The reason the ED application success rate tends to be higher is because the quality of the applications tends to be higher. Because ED decisions are legally binding, only those students who are absolutely sure that this is the right university for them and who have done the necessary groundwork well in advance choose to go down this path.


Myth #4

COVID has skewed admission requirements so that students who did well on the IB are now at a disadvantage.

FALSE! We all know that globally many students were unable to sit actual IB exams because of COVID. As a consequence there is a perception that IB scores have been deprioritized in the admissions criteria. That’s simply not the case. Mr. Devlin shares, “The admissions requirements have not moved. The bottom line is that you can’t be punished for doing well.”

In fact, because our students were able to be on campus and continue having valuable face time with teachers, they have been able to build those relationships which are so crucial to providing authentic, personalised, and insightful recommendations. If anything, our students stand to benefit.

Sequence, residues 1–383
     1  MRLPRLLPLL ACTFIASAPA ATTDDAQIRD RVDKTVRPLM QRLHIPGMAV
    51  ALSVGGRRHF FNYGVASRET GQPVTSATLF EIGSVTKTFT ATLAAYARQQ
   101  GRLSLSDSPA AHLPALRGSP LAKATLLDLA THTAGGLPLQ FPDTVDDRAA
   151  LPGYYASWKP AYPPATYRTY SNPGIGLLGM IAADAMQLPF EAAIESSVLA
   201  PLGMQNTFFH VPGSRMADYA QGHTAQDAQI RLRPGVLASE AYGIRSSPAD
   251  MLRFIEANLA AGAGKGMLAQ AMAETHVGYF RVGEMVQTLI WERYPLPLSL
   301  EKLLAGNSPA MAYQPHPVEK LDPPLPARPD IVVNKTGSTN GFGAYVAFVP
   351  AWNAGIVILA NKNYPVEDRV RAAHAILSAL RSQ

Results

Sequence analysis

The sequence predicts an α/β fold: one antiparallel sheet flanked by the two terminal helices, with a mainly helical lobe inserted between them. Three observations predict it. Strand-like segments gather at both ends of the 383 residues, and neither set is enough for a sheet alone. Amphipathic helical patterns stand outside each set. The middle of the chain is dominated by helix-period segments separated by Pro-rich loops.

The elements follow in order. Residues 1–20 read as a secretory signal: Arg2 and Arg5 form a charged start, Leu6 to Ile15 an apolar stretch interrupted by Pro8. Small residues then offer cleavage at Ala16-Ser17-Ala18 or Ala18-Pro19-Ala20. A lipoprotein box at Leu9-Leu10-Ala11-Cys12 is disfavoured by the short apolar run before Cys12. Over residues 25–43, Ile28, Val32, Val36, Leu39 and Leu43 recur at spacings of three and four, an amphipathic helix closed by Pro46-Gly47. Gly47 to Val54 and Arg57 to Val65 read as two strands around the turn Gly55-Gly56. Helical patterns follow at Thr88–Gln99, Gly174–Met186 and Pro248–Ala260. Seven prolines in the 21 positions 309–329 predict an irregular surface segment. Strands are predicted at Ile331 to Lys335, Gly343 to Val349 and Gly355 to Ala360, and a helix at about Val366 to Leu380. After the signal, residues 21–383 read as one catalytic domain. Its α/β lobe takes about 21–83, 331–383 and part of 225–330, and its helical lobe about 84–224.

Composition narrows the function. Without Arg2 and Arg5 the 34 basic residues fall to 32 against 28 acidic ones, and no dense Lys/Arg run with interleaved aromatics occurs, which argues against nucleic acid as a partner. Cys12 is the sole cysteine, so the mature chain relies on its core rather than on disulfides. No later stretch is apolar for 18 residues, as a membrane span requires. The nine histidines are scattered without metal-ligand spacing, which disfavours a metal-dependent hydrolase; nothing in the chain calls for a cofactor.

Myth #5

A good University Counselor can get a student into a top university.

FALSE! “We don’t get students into university, students get themselves into university,” Mr. Devlin explains. “University counselors are there to empower them and provide guidance to the process.” 

University application is where the rubber hits the road for many students. Those who have been empowered over the course of their educational career to make their own decisions, identify their own interests, and take responsibility for themselves are in a much better position than those who have been hand-held the whole way with major decisions made for them.

That’s why student agency is a key pillar of a Dulwich education and one of the reasons our students continue to be attractive to the top universities in the world.


Myth #6

A student should get academics under control before making time for extra-curriculars.

FALSE! Some parents think time spent on extra-curriculars means less time for core subjects. This can be particularly worrying for parents who feel their children aren’t where they need to be academically. But Mr. Devlin has a different take: “Make the time. Your IB score doesn’t carry as much weight after university as you think it will, but the interests and skills you develop most definitely will.”